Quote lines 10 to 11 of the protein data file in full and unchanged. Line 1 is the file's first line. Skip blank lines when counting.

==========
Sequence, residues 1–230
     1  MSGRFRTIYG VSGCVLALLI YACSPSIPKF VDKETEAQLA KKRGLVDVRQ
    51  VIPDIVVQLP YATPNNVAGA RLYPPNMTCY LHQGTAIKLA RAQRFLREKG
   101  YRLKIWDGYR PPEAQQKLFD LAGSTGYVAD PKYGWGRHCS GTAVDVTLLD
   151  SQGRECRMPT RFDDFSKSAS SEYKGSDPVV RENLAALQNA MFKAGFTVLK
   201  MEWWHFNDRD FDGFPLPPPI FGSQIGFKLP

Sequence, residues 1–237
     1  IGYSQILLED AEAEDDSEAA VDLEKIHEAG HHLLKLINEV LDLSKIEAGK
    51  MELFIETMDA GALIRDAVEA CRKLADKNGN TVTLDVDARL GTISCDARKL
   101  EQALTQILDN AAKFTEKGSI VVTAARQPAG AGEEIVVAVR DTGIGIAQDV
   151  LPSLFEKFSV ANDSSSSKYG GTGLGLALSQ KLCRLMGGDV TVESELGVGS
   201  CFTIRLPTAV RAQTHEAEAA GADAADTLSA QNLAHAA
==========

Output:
   101  EQALTQILDN AAKFTEKGSI VVTAARQPAG AGEEIVVAVR DTGIGIAQDV
   151  LPSLFEKFSV ANDSSSSKYG GTGLGLALSQ KLCRLMGGDV TVESELGVGS